Skip to content

The Queen Is Dead – The Smiths


The Queen Is Dead

(1986), 9.5/10
The Queen Is Dead is a regular feature on top albums of all time lists, especially those compiled by British writers, and it’s a substantial step forward from its predecessors; while the lack of diversity on Hatful of Hollow blunted its impact, and the excessive diversity of Meat Is Murder was distracting, this time the balance is right; there’s everything from epic ballads to British music hall to hard rock, but it’s all indelibly stamped with The Smiths’ sound. The Queen Is Dead is amazingly strong considering the adverse circumstances the group found themselves it at the time; Rourke was struggling with a heroin addiction and Marr was involved in a car crash, and the album was pieced together relatively quickly.

The title track is as close to hard rock as The Smiths ever got, while ‘I Know It’s Over’ climaxes stunningly in the memorable “it’s so easy to laugh” bridge. ‘Frankly, Mr Shankly’ succeeds by not taking itself too seriously, with a music hall feel and a fantastic guitar break from Marr, while ‘Cemetery Gates’ is a wonderful jangler with allusions to Wilde and Yeats. The brace of singles on the second side are all among The Smiths’ finest; the jangly and euphoric ‘The Boy With The Thorn In His Side’, the aggressive ‘Bigmouth Strikes Again’ and the gorgeous ‘There Is A Light That Never Goes Out’.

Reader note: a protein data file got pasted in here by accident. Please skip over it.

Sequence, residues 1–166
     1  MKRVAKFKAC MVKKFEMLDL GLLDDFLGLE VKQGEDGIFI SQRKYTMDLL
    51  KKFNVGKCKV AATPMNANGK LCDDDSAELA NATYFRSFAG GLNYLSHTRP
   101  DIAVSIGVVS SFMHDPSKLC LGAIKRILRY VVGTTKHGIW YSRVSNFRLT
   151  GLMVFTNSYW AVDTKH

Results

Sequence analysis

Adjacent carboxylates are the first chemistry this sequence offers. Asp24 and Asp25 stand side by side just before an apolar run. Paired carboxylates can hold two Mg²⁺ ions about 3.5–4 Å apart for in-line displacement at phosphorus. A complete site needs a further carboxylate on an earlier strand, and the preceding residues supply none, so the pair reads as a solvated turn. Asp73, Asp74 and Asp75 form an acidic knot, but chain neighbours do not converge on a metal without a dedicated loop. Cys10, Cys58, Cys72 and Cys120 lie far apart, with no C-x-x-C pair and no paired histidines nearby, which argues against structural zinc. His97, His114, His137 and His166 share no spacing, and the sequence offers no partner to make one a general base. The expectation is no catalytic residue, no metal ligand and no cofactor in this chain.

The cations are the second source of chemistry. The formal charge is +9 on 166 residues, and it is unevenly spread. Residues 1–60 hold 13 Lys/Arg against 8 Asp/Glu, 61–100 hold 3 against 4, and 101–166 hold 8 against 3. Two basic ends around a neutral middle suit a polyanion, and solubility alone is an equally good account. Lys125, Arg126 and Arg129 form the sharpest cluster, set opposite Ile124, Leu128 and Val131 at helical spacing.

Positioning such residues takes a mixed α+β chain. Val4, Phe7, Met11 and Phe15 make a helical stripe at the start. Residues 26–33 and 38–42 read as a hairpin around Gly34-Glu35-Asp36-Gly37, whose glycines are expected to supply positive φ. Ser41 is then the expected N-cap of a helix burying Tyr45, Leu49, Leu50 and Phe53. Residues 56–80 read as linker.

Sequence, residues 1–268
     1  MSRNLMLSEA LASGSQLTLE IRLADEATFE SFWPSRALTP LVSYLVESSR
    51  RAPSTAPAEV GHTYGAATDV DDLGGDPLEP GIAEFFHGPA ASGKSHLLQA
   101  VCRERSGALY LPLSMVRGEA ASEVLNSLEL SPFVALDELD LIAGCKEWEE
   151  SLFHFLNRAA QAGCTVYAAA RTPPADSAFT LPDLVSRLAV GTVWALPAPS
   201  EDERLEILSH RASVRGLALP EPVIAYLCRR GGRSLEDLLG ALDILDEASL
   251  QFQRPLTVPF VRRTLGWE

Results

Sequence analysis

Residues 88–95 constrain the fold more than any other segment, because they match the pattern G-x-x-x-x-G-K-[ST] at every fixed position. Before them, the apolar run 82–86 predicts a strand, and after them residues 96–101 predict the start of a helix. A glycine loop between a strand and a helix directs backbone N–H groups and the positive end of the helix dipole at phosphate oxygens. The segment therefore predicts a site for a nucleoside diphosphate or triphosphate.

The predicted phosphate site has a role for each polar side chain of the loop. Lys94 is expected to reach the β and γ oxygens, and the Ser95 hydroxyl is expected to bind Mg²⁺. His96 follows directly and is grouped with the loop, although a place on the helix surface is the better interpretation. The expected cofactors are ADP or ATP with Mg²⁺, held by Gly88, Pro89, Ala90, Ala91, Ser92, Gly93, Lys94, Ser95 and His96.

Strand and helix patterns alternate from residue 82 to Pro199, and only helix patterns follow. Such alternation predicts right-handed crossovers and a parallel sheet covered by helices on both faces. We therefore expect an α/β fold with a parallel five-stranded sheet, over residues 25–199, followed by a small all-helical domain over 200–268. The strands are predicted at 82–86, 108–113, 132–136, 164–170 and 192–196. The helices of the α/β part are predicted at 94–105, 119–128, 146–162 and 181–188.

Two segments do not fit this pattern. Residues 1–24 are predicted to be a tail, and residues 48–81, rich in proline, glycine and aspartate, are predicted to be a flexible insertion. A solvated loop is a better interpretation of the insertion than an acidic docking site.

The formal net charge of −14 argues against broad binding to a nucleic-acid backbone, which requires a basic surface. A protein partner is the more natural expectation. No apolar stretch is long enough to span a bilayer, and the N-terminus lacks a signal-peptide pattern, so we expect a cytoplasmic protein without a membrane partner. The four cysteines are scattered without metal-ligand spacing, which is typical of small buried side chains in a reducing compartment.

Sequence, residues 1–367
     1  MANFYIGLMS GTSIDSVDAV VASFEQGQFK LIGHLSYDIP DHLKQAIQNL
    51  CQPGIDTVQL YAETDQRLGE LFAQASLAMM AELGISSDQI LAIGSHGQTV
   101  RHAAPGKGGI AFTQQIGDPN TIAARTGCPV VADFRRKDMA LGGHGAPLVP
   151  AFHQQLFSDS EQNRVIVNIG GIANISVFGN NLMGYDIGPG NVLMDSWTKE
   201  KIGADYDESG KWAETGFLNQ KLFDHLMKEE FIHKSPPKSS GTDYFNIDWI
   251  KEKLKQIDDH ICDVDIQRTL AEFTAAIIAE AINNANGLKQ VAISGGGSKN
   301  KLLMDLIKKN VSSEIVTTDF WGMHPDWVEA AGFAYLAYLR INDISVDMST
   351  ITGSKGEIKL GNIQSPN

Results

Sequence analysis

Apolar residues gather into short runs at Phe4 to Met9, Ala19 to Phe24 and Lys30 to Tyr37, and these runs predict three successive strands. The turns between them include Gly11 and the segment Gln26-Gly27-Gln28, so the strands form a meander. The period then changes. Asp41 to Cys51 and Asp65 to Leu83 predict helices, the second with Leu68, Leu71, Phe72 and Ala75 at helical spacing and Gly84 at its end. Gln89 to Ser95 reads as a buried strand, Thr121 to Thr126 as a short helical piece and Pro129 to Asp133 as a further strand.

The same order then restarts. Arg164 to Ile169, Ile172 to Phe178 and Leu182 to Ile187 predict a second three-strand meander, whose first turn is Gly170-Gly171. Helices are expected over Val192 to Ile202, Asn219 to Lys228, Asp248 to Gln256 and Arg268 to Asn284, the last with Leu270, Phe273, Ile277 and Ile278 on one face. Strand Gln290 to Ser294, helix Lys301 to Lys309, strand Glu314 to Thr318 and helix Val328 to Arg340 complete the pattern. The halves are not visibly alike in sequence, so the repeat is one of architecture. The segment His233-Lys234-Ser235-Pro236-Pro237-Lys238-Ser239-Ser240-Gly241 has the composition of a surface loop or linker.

The Queen Is Dead is easily the greatest single album The Smiths ever made.

3 thoughts on “The Queen Is Dead – The Smiths Leave a comment

  1. Outstanding album! Geoff from 1001 albums site and I (another Geoff) think that the track listing could have been tweaked for maximum impact. e.g. “There is a light…” should have been the closer. One of the two slower tracks should have been moved from side 1 to 2 and “The Boy With The Thorn In His Side” should have been track 3 or 4.

    Liked by 1 person

Leave a Reply

Fill in your details below or click an icon to log in: Logo

You are commenting using your account. Log Out / Change )

Twitter picture

You are commenting using your Twitter account. Log Out / Change )

Facebook photo

You are commenting using your Facebook account. Log Out / Change )

Google+ photo

You are commenting using your Google+ account. Log Out / Change )

Connecting to %s

The Sound Sniffer

Sniffing out the best new music


seeker of wisdom


or, Thoughts in Woods on Snowy Evening

Art by Rob Goldstein

There is no common truth

Up the Down Turn

Musings, Depression and Life Management

Alex Swift Blogging

opinions and analysis on media and entertainment, new and old

Diary of a Bassist

Musical musings of a bassist/power metal enthusiast

%d bloggers like this: